National Romanticism

One of the features of the works of Russian artists in the late nineteenth century was attention to national manifestations in history, life and nature. Artists closely studied local landscapes, revealing previously unnoticed poetry. Alexei Savrasovparticularly adored painting marshlands and narrow roads leading to small rural churches. The artist captured the poetry of the annual spring renewal in the metaphor of the arrival of the rooks.

The art of Ivan Shishkin extols the Russian forest. After graduating from the Moscow School of Painting, Sculpture and Architecture, he studied at the Imperial Academy of Arts. Shishkin went abroad in 1862 and lived and worked in Düsseldorf. Returning home, he wrote in his diary: “My motto? To be Russian. Long live Russia!”

Shishkin studied nature at great length, aspiring to create an exact lifelike image. Many of his pictures encompass every single detail of nature, though this by no means implies primitive naturalism. Shishkin’s studies include no small number of genuine masterpieces of the poetic representation of nature. These are lyrical and monumental images of the different states of the Russian landscape.

The landscape genre in the painting of the latter half of the nineteenth century was similar to the descriptions of nature in the Russian literature of those years. Artists and writers, however, did not confine themselves to visible reality. They used the state of nature to convey frames of mind and the emotional atmosphere of the surrounding world. Even such pictures as Moscow Courtyard (1902) by Vasily Polenov – the pictorial tale of a little corner of Moscow – are tinged with fresh perception of an everyday subject.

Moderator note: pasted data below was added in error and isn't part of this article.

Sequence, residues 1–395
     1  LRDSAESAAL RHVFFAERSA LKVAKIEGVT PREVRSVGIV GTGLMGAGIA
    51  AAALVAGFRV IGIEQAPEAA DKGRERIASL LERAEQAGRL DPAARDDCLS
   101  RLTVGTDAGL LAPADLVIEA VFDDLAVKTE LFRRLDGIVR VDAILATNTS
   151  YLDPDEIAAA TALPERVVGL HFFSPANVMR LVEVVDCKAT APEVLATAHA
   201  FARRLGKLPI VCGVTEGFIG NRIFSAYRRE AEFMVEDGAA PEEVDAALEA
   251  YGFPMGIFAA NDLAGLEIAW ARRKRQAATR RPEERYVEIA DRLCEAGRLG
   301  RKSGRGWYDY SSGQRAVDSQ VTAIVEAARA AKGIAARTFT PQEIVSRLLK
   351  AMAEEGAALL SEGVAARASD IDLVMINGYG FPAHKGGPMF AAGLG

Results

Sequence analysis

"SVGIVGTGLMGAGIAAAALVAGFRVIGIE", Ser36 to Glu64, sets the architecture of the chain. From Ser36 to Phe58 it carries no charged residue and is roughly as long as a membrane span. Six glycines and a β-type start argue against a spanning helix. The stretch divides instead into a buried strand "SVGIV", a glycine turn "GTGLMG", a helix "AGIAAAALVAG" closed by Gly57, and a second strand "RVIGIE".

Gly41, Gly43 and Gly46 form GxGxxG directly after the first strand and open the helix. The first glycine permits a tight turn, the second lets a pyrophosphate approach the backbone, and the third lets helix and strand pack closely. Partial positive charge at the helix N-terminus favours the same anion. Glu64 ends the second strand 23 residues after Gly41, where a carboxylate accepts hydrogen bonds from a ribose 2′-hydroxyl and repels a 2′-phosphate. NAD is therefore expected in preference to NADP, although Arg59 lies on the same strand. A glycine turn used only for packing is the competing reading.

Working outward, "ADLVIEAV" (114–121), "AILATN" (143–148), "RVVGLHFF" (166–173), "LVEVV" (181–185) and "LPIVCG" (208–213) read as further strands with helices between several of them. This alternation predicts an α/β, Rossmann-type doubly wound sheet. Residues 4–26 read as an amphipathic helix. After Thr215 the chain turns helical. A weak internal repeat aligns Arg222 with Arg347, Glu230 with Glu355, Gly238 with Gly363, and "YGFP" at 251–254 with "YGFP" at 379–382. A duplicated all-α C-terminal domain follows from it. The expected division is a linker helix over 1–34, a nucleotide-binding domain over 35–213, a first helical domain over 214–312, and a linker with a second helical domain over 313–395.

Polenov was not only a landscapist. Like many at this time, he painted pictures on historical and biblical themes, as well as genre scenes and landscapes. This syncretism reflected the logical development of the art of the second half of the nineteenth century, with biblical and historical motifs coming to life in a plausible environment.

The landscape was on the whole a relatively diverse and rich phenomenon in Russia in the latter half of the nineteenth century. It ceased to be simply a view, inspired by the artist’s emotional and philosophical perception of nature. It often crossed beyond the borders of its genre, transformed into a pictorial metaphor for Russia.

Romantic traditions (Hovhannes Aivazovsky, Alexei Savrasov, Fyodor Vasilyev) were quite strong in Russian landscape painting, which was a rich and diverse phenomenon in the second half of the nineteenth century. One of the more unusual forms of this genre was the works of Arkhip Kuinji. Kuinji was of Greek origin and introduced that measure of artistic relativity and laconic brevity found in the art of the turn of the century into his landscapes of the 1870s and 1880s. He was not so much interested in landscapes, views or objects as in light and colour at various times of the day and night, in summer and in winter.

Isaac Levitan also occupies a special place among landscapists working in the second half of the nineteenth century. His works are often compared to the prose of Anton Chekhov, a personal friend of the artist and a writer who had a similar outlook on life. Levitan searched for the “soul of Russian nature” in his art. His works are not views. The artist painted “mood landscapes,” expressing a whole range of emotions, from pessimism to notes of optimism. Meditations on life and man through nature and the elements are typical of Levitan’s best works.

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